Acorn. We named him Acorn at the suggestion of a friend who has no skin in the game, no consequences (except for me calling him out here because I can) because he lives 300 miles away. I was watering the garden, thinking about essay topics and the trouble with slugs and how they sleepily suck the life out of my plants. I turned and spied his little bandit mask, dark eyes. He was bashful, creeping tentatively as if the ground beneath his paws was shifting. I said, “Hey, little fella. Whatcha doin’?”—and as I say to any animal in need, especially our blind cat Scout when she loses her bearings and gets scared, “You’re ok. You’re ok.”
My husband pulled up in the driveway, parallel to the baby raccoon’s position, scaring the bejesus out of him. We found Acorn minutes later, a measly four feet up a silver maple tree, huddled in a crook. We talked to him and gave him Triscuits. He tucked his head under his belly and fell asleep.
The next day, we found Acorn in the neighbor’s backyard, barely walking but alert. We fed him cat food from a fork as he stuffed himself in a small evergreen bush. Eventually, he succumbed to temptation and climbed down from the tangled branches, stuffed his head into a lump of chicken feast. He perked up, held the can in his paws.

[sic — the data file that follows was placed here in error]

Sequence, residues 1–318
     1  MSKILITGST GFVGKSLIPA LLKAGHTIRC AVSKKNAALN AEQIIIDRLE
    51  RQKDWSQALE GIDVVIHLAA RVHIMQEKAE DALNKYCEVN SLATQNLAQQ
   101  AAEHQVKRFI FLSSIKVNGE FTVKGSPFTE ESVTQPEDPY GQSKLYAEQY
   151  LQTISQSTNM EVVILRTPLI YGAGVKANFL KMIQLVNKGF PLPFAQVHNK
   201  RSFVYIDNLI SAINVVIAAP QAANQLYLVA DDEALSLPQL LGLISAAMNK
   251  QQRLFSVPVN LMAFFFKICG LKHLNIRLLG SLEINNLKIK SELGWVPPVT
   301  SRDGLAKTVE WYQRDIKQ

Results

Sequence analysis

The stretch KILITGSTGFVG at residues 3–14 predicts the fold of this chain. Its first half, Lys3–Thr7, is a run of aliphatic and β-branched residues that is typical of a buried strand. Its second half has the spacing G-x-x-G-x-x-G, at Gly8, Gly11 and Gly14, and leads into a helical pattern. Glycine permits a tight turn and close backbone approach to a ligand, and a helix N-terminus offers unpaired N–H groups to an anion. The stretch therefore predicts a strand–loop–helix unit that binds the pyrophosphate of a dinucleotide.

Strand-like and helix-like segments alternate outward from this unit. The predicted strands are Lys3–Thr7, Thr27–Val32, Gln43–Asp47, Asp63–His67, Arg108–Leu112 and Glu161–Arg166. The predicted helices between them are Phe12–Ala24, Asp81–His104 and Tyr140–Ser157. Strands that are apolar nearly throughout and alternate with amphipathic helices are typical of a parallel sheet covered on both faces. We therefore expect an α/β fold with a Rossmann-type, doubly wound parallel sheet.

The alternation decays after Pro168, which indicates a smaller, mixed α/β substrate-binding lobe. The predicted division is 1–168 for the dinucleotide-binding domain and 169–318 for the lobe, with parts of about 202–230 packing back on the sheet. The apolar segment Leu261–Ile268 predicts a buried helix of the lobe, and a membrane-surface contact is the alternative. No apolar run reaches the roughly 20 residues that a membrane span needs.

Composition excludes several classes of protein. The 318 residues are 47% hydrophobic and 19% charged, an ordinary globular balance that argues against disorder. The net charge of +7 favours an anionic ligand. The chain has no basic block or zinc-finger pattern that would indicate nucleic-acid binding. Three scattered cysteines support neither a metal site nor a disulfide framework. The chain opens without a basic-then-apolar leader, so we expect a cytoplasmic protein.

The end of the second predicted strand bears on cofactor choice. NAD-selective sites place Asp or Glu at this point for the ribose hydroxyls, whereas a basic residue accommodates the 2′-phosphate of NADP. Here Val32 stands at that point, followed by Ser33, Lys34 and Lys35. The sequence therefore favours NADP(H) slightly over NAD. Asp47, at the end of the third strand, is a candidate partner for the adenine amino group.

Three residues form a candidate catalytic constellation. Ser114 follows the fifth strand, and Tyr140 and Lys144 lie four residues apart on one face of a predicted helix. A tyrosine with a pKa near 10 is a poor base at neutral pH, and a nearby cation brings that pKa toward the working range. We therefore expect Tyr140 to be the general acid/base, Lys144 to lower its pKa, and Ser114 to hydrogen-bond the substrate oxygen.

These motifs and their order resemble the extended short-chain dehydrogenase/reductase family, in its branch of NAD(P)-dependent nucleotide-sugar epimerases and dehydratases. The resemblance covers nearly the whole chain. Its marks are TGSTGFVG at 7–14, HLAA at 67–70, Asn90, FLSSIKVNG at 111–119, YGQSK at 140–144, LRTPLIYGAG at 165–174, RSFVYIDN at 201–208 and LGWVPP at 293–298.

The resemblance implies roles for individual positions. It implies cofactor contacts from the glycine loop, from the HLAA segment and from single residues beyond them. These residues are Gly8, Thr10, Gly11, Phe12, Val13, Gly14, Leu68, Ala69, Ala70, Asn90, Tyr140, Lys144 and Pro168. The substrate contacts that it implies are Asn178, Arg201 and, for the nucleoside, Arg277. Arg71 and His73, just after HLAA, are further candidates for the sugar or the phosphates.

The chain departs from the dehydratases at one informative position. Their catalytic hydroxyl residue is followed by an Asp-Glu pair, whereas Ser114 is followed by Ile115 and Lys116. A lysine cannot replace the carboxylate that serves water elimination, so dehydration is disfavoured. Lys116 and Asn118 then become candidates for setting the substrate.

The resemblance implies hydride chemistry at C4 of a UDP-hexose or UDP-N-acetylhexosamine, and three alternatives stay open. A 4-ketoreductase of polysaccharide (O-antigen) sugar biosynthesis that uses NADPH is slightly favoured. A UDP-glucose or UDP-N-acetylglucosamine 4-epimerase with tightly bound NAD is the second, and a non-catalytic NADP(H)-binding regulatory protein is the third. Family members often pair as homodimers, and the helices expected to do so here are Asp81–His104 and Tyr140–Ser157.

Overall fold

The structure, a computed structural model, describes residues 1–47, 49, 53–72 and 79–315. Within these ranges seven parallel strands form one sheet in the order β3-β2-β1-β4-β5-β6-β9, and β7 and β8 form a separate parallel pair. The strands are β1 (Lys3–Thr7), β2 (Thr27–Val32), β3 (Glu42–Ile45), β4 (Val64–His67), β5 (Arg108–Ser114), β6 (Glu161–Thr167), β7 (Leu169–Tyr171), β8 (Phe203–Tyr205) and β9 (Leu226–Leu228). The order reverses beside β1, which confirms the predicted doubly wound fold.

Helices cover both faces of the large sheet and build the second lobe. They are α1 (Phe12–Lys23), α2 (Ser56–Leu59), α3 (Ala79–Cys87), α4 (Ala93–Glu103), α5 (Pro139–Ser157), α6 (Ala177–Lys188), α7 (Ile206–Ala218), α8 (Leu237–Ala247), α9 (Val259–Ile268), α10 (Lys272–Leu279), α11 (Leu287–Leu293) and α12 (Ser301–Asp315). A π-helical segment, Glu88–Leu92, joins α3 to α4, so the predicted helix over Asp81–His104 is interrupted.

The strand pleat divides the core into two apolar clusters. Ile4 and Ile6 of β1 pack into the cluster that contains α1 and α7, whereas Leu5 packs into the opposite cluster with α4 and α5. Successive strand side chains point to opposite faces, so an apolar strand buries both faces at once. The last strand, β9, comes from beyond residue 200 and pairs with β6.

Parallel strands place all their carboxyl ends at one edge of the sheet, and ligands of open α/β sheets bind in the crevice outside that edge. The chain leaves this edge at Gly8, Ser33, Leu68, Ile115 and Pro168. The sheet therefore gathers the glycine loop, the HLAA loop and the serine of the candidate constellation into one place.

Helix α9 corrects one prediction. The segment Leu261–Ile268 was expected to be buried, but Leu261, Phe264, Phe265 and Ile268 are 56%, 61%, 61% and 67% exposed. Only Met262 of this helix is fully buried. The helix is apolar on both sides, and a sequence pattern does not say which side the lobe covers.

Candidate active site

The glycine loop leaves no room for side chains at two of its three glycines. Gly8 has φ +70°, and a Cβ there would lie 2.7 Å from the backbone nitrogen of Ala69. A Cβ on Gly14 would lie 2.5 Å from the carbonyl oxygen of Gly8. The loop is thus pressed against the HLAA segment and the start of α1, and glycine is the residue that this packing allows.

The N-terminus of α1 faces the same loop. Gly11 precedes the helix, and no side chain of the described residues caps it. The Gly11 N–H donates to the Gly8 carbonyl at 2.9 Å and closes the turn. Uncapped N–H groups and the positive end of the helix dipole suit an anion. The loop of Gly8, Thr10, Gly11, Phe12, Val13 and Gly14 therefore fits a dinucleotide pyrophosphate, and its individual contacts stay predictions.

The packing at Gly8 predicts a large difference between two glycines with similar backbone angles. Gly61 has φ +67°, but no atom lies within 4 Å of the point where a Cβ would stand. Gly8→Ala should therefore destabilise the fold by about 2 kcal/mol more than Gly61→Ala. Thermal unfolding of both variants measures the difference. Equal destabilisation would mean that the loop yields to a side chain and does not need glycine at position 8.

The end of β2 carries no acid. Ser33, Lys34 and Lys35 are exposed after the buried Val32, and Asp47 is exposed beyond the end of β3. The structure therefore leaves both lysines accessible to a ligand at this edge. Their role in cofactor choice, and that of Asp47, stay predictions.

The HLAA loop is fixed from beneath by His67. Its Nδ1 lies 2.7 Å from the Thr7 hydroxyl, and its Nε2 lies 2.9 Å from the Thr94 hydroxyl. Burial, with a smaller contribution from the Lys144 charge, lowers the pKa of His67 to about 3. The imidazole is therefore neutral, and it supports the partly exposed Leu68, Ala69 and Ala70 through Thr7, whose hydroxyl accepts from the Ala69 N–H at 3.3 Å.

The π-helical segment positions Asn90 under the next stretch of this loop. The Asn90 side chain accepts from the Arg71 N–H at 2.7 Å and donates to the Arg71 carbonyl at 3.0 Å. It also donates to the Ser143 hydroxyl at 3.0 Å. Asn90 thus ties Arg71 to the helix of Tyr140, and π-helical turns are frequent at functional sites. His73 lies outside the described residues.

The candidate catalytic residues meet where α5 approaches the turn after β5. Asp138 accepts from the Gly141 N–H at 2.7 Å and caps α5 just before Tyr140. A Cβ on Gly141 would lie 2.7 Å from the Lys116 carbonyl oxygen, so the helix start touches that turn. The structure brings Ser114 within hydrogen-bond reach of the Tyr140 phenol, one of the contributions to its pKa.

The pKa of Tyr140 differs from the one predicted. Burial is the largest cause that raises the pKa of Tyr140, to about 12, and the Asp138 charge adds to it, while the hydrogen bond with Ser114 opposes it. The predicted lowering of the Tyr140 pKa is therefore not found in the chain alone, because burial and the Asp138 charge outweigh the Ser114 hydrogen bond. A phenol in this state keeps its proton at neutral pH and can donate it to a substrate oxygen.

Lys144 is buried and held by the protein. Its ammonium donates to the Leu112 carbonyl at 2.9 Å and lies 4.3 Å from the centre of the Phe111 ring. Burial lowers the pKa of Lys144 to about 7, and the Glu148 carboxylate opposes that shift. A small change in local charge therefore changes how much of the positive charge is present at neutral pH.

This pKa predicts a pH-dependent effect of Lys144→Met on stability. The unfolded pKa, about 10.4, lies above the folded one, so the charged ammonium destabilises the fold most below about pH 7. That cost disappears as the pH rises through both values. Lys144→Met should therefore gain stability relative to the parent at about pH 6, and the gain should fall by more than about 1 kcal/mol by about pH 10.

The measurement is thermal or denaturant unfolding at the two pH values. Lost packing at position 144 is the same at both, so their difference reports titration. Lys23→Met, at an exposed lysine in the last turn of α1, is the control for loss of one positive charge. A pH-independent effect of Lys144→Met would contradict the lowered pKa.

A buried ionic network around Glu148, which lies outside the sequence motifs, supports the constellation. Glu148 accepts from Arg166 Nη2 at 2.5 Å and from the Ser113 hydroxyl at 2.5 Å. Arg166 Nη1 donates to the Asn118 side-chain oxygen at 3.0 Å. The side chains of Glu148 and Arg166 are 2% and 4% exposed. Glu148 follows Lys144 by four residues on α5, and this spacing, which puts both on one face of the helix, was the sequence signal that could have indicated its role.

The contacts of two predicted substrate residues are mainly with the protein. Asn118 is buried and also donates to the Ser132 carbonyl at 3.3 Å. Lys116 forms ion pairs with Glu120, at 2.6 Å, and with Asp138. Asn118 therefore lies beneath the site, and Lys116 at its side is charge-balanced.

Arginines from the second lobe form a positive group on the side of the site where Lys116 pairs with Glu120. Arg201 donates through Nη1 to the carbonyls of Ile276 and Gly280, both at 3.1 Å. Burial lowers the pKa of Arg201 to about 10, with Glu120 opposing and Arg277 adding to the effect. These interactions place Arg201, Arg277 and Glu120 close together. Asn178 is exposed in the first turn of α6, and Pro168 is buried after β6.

It has been two days since we fed Acorn. Last night, a wailing storm burst down on our house and I pictured Acorn out in the rain, listening for our voices and scratching the ground for chicken feast. I can’t think about him without feeling loss, but I can’t continue to prowl around my dead neighbor’s house, looking for a raccoon toddler that belongs to the wild.
I know this ache: it is the part of me who was supposed to have children, who would have been doting after grandbabies by now. How I wish I didn’t know his name.